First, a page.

When Windows 1.x starts, it launches the MS-DOS Executive. The MS-DOS executive is kind oflike File Manager or Explorer, except there are no icons and no drag-and-drop. Programs anddirectories can be opened by double-clicking, but other disk functions must be done through themenu.
In Windows 1.x you are stuck with tiled windows. The control in the upper right corner of eachwindow is a "resize" control. Dragging it around will move the top edge of the window anddouble-clicking will "zoom" the window to full screen. Some programs have a "resize" control inthe lower right corner of the window as well.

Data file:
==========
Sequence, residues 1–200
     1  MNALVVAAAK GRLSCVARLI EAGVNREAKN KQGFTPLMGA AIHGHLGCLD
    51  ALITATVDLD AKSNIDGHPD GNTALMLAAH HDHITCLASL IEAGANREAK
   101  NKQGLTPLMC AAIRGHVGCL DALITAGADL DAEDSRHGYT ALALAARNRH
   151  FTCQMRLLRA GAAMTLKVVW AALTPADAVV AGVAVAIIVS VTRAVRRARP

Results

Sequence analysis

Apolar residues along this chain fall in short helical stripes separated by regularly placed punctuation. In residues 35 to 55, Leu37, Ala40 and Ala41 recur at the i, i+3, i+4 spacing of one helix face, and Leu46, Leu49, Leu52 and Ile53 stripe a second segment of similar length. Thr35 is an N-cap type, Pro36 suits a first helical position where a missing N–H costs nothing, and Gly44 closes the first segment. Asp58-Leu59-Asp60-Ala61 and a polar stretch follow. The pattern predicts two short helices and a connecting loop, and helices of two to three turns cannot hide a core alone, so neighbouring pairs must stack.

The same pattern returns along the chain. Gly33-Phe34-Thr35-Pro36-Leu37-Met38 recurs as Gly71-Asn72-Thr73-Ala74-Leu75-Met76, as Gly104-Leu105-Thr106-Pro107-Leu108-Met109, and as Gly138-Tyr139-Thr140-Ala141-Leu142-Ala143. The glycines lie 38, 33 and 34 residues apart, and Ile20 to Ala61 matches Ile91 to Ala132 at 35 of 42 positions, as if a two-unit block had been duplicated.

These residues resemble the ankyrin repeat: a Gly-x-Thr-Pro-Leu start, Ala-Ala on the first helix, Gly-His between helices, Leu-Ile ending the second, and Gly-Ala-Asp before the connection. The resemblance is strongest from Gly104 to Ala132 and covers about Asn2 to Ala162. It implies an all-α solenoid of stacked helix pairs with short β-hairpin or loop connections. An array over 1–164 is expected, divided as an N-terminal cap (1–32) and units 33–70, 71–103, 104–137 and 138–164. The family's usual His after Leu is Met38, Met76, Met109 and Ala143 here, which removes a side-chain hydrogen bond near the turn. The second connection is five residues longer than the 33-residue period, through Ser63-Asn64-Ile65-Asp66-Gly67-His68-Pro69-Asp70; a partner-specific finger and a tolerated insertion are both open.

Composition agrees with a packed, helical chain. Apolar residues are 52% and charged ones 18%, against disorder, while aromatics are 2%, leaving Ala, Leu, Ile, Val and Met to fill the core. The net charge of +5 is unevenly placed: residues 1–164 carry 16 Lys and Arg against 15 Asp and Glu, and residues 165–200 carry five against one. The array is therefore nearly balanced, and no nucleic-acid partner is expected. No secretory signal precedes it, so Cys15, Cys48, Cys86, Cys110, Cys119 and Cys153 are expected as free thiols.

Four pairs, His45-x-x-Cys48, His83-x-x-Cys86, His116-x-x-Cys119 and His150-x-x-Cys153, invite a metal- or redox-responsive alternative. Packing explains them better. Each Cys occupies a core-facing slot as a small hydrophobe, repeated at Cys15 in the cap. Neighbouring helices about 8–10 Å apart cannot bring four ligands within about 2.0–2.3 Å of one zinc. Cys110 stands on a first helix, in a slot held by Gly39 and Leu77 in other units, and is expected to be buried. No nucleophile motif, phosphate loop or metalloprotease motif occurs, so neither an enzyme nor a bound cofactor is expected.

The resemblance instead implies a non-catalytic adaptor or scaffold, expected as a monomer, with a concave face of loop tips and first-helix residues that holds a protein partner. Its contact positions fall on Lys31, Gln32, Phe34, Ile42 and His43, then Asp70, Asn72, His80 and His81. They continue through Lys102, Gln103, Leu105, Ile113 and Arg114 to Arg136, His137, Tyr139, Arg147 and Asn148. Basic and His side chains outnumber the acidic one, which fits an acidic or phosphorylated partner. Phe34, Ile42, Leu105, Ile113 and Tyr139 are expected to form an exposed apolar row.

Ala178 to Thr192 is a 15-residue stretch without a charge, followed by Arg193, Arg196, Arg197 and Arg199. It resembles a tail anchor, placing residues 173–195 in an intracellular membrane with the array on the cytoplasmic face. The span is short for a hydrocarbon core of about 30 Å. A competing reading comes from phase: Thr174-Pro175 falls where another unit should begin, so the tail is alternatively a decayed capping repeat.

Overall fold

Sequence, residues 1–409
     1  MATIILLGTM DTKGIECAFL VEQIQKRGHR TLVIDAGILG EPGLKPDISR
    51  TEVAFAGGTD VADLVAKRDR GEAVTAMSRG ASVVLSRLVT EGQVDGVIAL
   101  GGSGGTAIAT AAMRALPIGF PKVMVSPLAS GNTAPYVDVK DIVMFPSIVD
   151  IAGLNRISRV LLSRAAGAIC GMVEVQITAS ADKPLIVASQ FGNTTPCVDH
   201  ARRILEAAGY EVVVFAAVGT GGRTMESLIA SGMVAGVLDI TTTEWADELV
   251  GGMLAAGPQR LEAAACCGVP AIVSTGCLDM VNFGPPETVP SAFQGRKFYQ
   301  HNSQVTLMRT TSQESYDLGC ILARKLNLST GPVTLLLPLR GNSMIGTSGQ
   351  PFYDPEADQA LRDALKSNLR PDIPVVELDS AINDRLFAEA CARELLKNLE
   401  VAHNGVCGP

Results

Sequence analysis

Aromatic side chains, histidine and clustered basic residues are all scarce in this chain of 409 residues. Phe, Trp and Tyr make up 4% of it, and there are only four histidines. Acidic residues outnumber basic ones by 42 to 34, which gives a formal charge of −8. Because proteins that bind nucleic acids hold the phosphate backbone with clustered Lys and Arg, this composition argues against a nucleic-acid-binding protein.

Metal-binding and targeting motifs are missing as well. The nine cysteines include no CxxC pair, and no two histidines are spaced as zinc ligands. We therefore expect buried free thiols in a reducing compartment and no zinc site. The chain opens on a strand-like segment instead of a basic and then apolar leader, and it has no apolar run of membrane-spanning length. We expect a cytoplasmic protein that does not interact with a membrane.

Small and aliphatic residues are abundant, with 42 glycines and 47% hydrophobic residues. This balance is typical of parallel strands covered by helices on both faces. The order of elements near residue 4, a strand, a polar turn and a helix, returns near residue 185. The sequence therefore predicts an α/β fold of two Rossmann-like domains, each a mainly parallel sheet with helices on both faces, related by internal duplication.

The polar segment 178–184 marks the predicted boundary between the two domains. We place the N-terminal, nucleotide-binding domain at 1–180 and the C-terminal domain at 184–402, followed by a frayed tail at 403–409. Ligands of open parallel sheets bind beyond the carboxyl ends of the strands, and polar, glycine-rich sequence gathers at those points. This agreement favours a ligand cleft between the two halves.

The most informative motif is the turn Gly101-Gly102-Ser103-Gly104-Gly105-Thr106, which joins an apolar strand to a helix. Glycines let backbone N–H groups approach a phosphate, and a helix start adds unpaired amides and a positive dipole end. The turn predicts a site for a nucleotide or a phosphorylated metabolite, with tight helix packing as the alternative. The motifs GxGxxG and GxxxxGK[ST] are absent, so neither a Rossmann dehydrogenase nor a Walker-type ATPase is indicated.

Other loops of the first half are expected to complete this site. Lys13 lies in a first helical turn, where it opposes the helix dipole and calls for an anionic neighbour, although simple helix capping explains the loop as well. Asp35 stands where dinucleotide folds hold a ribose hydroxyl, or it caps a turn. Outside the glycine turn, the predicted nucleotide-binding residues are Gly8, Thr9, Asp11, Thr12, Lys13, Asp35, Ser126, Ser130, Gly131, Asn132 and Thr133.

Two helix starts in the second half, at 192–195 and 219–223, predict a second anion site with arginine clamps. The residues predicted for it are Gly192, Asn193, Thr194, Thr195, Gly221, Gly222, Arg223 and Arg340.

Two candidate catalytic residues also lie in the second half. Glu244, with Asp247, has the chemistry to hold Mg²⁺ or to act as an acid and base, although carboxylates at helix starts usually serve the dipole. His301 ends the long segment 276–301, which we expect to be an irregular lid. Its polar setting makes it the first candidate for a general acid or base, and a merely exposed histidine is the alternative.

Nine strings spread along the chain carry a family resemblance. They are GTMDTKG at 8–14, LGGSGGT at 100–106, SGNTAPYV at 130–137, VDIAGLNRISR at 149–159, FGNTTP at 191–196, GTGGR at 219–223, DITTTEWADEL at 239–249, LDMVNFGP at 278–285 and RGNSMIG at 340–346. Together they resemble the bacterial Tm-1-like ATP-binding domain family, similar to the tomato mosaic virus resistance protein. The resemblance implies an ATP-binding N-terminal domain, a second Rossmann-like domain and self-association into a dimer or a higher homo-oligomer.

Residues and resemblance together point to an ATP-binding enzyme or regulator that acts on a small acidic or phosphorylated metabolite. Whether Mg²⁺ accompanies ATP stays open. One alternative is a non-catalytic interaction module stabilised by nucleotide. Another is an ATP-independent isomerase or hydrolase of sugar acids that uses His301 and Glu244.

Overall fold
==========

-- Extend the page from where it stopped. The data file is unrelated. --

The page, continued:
The control in the upper left of the window is the system box. Clicking once on this box bringsup a menu of available window options for the current window. In this version of Windows, italso contains the applications "About" information.
This screen shot shows the Windows 1.01 version of Notepad. It has a very small fixed sized textbuffer, 16k or so, and therefore can only open small text files.
This version of Notepad even shows how much space is free in its text buffer.
This screen shot shows Notepad in a "zoomed" state, taking up the full screen.
Here, The Windows 1.x calculator and the Windows clipboard demonstrates the abilityof Windows to share data between applications.
Now the data is being pasted in to Microsoft Paint.This version of Paint is only capable of monochrome graphics and saves files in an .MSPformat.